English (MD)


[Letter from Archibald John McLean to Donald. Last page missing]
13 August 1858

Maraekakaho

My dear brother

I am happy to state that the nine days I have been here have improved my health greatly. I had a very severe attack of illness on the way down here and for 8 days after arrival but Alexander met me at the port and was very attentive. For the last 6 days I have been busy with McInnish making a garden and several other little jobs. I must say I am delighted with the place and with attention and hard work it will be made a splendid place. Of Alex has been very oppen and candit with me in everything and from what he states I am convinced he has done and is doing everything in his power for your interest, indeed from the little I have seen of his ways so far you and I have reason to be proud of him for none of us will ever understand land and stock equal to him besides the ways of the natives round him as well as his neighbours who all respect him. He has plowed a beautiful paddock under the hill above the house and sowed both wheat and oats. He also is plowing a lot of it for to sow grass and potatoes so that the fearful expense of this year will be done away with next year all but tea and sugar which is a heavy return of itself. He has finished a splendid stock yard. It equals is not in the whole country and fenced a good part of our side of the paddock. He has used up all the timber down here. Him and me were up at the bush two days ago seeing what timber there is there. He has got a large quantity split and ready but owing to the heavy rains here it is impossible to get it down for some time. The fencing of the paddock and woolshed will be the first thing we will commence to after we get the timber. The weather has been very unfavourable for lambing but the sheepheard says very few of yours are lost and they are lambing at present. Alexander would have told you that he sold the other station for £500. He is going to purchase about 140 acres of land round the house and along the river to secure the place in a fortnight or so when he gets his share of the money. I do believe he will do everything that is honourable for he tells me it is not our own cridit we have to maintain but yours in this country. We could make many shifts as he says but that would never do if it would incur any discredit on us or you. A is very sensible in his conversation. He says that he will have to go to Melbourne after shearing if possible to settle his affairs their. Their is not the least doubt but Alexander is honourable and I find that John is deeply in his debt and as he says himself he knows that his money went to keep his wife's family for many a day besides when he bought the vessel for John he gave him strick instructions to send his sisters money from the Isle of France which he says John never did. He has shown me papers to prove that he advanced and payed for that brig £1800 which money owing he says to the mismanagement of John and the Capt he had. He never recovered which from what John told me himself I have every reason to believe. He is grieved at the extravagance of the house owing to the carelessness of the woman but what can be done till we build the wool shed there. We will remove there till we build a house and live at half the expense. He says he will soon send you the return of the sheep, also all the coppies of accounts after I will get them made but from receipts etc. McLauchlin's young child died yesterday and will be buried today. It will commence a grand yard on this place where perhaps many more of us may rest in time. I am quite happy here as long as I am able to work. We have payed off the man that was fencing and will do all the rest ourselves. I am going to make them live on pigs instead of mutton which is much better and only costs a very little trouble. I now must inquire how my dear little nephew is. You can hardly believe how much I esteem the dear little fellow. I do hope and trust he is at school and paying attention to it. Often Alex and me talk about him in his Highland dress. Give him a kiss from me. My kind regards to Jessy and Aunt and tell her I am exceeding fond of her son. He is a fine lad. I wish to God McInnish had half his spirit poor fellow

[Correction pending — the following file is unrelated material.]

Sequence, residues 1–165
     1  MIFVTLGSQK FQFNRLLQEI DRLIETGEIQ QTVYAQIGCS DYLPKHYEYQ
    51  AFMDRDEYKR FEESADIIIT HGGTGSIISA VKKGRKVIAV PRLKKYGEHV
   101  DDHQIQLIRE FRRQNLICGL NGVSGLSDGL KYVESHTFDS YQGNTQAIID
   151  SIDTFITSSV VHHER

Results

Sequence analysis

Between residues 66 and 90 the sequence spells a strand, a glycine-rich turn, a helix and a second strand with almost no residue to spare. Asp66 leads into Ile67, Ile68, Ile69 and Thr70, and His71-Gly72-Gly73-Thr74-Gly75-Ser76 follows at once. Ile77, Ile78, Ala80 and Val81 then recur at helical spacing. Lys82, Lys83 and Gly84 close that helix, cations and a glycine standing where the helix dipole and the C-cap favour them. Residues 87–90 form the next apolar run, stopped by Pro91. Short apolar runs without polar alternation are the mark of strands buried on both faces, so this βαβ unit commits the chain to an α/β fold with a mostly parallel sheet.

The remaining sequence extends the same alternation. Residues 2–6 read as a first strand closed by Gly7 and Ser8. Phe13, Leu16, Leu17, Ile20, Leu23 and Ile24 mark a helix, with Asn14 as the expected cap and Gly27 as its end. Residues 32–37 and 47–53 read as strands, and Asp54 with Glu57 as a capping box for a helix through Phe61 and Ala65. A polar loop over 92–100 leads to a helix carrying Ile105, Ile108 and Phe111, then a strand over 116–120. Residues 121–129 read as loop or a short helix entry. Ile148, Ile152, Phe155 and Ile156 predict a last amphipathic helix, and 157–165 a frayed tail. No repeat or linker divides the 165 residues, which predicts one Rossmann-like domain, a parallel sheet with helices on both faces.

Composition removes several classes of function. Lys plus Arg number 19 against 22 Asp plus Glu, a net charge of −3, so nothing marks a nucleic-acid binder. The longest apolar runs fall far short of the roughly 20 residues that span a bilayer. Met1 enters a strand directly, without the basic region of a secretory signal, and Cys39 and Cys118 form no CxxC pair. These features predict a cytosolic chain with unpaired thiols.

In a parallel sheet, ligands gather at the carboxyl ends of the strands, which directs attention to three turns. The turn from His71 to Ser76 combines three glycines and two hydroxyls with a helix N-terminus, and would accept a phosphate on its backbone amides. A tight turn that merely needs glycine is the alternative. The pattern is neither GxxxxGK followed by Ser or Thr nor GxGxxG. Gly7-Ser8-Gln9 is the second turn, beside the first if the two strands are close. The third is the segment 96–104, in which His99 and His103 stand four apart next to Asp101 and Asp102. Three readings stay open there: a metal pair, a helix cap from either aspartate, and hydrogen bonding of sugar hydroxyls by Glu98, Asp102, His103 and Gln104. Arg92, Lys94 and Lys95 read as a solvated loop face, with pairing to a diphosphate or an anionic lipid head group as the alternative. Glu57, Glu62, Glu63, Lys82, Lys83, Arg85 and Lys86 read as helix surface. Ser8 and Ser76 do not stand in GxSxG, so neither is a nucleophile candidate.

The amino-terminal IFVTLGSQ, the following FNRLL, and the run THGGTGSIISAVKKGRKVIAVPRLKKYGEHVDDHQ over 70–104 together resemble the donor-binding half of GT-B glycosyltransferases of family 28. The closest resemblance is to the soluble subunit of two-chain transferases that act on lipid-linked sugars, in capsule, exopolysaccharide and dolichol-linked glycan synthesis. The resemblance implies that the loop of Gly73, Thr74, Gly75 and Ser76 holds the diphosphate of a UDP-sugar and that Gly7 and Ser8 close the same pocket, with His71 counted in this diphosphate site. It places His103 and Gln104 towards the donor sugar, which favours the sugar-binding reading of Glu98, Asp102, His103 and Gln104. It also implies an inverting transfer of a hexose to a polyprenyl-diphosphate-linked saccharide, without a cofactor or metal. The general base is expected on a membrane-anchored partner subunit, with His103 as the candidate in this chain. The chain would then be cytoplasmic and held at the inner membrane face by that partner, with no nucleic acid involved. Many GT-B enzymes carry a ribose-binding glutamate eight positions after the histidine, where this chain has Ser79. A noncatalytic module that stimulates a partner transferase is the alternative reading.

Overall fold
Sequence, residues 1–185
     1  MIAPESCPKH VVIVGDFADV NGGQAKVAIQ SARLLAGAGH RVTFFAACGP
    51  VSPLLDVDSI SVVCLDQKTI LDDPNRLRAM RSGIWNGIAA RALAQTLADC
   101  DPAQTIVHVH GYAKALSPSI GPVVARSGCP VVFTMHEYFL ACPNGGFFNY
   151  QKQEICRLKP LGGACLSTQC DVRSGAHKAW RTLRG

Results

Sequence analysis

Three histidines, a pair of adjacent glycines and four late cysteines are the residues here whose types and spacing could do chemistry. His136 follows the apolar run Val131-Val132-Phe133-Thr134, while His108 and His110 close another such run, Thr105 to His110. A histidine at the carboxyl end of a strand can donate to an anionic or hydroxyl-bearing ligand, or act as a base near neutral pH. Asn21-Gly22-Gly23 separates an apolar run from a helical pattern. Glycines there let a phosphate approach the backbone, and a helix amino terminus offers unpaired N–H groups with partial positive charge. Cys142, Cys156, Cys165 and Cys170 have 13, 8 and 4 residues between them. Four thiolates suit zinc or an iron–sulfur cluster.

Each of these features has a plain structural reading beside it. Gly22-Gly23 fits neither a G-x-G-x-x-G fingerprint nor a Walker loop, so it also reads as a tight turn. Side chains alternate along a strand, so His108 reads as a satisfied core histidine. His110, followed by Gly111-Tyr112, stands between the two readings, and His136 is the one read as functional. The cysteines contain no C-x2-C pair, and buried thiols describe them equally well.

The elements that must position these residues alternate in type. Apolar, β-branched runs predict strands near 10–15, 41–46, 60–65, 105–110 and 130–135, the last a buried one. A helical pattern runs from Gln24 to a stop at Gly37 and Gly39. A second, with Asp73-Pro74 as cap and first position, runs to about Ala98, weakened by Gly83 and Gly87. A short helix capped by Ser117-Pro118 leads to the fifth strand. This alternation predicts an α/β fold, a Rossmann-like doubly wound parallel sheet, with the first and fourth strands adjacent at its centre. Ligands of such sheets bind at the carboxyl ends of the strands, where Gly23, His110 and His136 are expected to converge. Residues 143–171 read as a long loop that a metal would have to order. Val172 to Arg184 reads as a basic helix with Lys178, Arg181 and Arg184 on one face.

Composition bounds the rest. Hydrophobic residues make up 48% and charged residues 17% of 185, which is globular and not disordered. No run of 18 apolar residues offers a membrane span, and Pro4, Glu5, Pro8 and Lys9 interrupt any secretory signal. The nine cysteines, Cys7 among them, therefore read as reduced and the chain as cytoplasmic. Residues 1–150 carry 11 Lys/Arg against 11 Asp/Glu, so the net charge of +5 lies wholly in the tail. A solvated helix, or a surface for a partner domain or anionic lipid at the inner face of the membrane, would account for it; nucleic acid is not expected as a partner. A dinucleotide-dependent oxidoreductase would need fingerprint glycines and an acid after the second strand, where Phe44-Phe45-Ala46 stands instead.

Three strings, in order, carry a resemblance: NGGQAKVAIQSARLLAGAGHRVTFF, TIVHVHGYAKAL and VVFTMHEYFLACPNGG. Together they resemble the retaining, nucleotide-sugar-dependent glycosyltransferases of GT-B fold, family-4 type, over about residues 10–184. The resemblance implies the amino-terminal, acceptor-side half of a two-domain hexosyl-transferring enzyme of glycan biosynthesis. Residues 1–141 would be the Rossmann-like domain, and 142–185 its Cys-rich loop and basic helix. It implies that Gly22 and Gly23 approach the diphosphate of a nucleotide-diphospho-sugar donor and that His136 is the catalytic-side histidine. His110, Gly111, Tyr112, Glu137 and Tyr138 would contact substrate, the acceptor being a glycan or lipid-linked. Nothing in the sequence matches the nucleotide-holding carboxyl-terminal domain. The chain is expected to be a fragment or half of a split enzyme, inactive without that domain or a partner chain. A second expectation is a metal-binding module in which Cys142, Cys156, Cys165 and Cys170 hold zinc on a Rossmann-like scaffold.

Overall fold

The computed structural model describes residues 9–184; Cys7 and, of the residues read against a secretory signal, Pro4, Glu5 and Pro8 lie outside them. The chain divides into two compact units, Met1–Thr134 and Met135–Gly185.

Part of:
Inward family correspondence - Alexander McLean (brother), Reference Number MS-Papers-0032-0814 (27 digitised items)
Series 9 Inwards family letters, Reference Number Series 9 Inwards family letters (1204 digitised items)
McLean Papers, Reference Number MS-Group-1551 (30238 digitised items)